At the end of August, I was hired as a publicity contractor to promote an opera commissioned by Longue Vue House and Gardens, a house museum on the edge of the city. I learned a lot from the experience, including the knowledge that keeping up a blog while promoting an opera was very difficult. I was intimidated when I started the work because I had never seen an opera. But like most art, it became more accessible when I learned more about it. And that’s why I love being a publicist– I approach artistic endeavors with the same questions as the general public and then I can inform others by explaining the things to them that I initially didn’t understand.
What I Learned about Opera
The opera, Freedom Ride takes place in 1961 New Orleans. It stars a young woman who is torn between joining the Civil Rights Freedom Riders and continuing her academic career. Dan Shore, the composer, has written a synopsis for a full opera, but only composed music for a handful of scenes. He explained to me that writing vignettes for a show is a very common practice, as it can take years to write a full opera. These vignettes are performed for audiences, in hopes that a patron will come forward and choose to support the composer so he can take the time off to commit himself to finishing the work.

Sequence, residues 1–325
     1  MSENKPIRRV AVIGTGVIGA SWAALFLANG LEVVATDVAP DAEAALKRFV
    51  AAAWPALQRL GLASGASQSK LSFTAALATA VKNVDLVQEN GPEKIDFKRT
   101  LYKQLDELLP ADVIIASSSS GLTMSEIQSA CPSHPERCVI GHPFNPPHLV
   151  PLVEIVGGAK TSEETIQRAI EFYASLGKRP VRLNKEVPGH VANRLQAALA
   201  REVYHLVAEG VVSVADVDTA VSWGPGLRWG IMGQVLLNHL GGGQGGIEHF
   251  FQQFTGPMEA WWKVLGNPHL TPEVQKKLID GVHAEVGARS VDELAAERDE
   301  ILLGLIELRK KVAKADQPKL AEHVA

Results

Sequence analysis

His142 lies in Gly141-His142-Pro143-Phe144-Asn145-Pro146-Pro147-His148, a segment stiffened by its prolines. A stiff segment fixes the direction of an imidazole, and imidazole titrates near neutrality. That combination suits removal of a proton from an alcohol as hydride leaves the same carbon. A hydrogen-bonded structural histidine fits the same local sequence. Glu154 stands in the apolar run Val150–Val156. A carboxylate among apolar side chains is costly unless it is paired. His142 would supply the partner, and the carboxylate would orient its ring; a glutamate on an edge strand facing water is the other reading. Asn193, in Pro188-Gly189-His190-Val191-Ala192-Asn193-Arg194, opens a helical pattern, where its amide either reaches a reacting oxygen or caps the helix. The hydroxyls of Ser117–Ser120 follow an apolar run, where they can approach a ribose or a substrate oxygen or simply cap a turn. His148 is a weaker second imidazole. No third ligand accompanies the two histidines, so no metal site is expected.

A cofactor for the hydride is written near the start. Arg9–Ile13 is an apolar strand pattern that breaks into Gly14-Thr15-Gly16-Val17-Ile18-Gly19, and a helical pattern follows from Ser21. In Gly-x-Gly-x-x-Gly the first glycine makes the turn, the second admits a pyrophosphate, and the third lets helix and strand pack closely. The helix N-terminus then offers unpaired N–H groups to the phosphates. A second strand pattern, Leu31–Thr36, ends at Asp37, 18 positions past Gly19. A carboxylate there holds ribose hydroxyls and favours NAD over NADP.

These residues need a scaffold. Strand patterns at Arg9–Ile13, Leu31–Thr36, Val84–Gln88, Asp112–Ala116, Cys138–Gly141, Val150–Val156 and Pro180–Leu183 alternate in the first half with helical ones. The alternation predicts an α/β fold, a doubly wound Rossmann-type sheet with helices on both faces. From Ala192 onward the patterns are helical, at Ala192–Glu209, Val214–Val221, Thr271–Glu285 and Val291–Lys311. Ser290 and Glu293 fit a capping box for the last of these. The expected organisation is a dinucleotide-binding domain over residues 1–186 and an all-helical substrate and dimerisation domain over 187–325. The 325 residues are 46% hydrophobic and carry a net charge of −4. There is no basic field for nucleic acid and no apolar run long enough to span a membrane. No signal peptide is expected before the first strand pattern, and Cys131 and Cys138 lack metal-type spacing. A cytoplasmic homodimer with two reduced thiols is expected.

After watching several rehearsals I realized that opera is actually a lot like musical theater. During a breakfast with the composer and some of the performers, they explained to me that one of the differences between opera and musical theater is that opera lyrics aren’t as key to advancing the plot as they are in musical theater. It can be hard to understand opera lyrics–whether because they’re in another language or because of the way they’re sung–so the audience learns the nuances behind the emotion from the singer’s performance.
What I Learned About New Orleans
Working on the opera exposed me to a few different pools of artistic communities that exist in this city. Within each pool was a lot of familiarity with the other swimmers (metaphor!) The composer, the opera’s soprano, piano player and chorus were all from Xavier University. Longue Vue hired a local actor as the artistic director. The actor brought in one of his colleagues to play the role of the unofficial emcee of the opera, whom he is working with on another project.
These artistic communities remind me of the nature of everything else in the city: small groups of people working together to build something. New Orleans has a lot of big players, but it seems most scenes are dense with individuals that build something together.
Also: I definitely want to see more theater and opera in the future.
I’ve got so many ideas of things I want to write about it for Kind of New Orleanian! I hope to regain my strength and fortitude for blogging (as well as YOUR RESPECT) as I flood this here blog with content, content, content.